.At a time of polarization, Niskanen has become a home for heterodox thinkers from left and right alike. In its D.C. office suite, a former Bernie Sanders campaign staffer is working on proposals to increase access to health-care and disability benefits by simplifying regulations; at the same time, a former staffer at the libertarian Cato Institute is mapping out new ideas for copyright reform. Niskanen’s head of immigration policy is a Republican former national-security lawyer; its head of climate previously worked for an environmental group that was accused of racism for supporting a revenue-neutral Washington state climate initiative. The influential center-left writer Matt Yglesias is a Niskanen fellow; the Times columnist Ezra Klein’s embrace of “supply-side progressivism” echoes many Niskanen ideas. “Niskanen is one of the most provocative, original players in the think-tank world and the ideas space overall,” says Zach Graves, executive director of the Lincoln Network, another heterodox new institute that focuses on technology and innovation.
What I found so encouraging about Niskanen is that, at a time when ideologues of both the Left and Right seem mired in ideological platitudes and automatic, knee-jerk defenses of preordained policy positions, its output and influence demonstrate that new ideas–rooted in libertarian values moderated by thoughtful evaluation of real-world evidence– can bridge governmental gridlock.
“Liberal democracy is in the balance, right?” says Niskanen’s president, Ted Gayer, an economist who served in the Treasury Department under President George W. Bush. “If our government institutions fail, people lose confidence in them. You’re left with populism or you’re left with authoritarianism, but you’re not left with a governing philosophy that is going to help promote public welfare and help government operate more effectively.”
I count myself a fan. Visit the Center’s website and see what you think.
12 thoughts on “My Favorite Think-Tank”
Before looking at their website, how close are they to power? Seeing they get a plug from Times Mag, I’m guessing their Left of Center (the center has moved far to the right due to all the other oligarch influenced “think tanks”) analysis is weak and benefits the oligarchy because they have all the money to influence politics while claiming hands off. LOL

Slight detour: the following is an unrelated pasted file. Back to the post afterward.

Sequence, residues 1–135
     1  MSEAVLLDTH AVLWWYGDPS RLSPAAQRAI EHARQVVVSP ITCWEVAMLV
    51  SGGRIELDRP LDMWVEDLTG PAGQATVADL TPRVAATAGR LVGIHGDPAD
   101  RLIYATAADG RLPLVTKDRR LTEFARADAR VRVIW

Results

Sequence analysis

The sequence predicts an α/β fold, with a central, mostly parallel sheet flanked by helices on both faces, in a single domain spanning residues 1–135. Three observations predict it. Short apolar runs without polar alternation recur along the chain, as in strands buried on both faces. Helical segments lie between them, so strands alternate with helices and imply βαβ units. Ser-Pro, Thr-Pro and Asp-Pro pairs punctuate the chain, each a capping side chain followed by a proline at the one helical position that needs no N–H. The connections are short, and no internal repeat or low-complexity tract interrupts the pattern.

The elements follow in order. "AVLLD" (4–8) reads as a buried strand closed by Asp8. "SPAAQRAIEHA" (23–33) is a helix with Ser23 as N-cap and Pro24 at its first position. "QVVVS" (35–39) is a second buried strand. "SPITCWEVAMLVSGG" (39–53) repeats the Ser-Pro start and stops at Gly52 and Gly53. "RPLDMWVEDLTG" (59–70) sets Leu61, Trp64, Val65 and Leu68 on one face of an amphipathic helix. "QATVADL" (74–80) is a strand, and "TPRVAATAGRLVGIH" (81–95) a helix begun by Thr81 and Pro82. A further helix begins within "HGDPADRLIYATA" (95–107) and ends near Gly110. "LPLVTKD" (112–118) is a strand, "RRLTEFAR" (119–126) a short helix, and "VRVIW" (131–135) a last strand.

The NYTs are just a mouthpiece for the State Dept. Same with WaPo but adding “sources inside intelligentsia.”
Would Bezos or Musk recommend cutting oligarchs from owning media or donating to the government? LOL
These are members of the oligarchy making decisions within the oligarchy. CATO and Heritage is a Koch vestibule, along with ALEC, all the state policy centers in red states, and over 150 universities.
Trust is not high with these institutions for a good reason, but they don’t care about trust when they have the tools to prevent our democracy from working properly. When the Democratic Party works against the people by siding with the rich and powerful oligarchs, we don’t have a democracy. Period.
“In his analysis, Hammond had enumerated what, from his and the Center’s perspective, he saw as the “ideal” features of a UBI: its unconditional structure avoids creating poverty traps; it sets a minimum income floor, which raises worker bargaining power without wage or price controls; it decouples benefits from a particular workplace or jurisdiction; since it’s cash, it respects a diversity of needs and values; and it simplifies and streamlines bureaucracy, eliminating rent seeking and other sources of inefficiency.”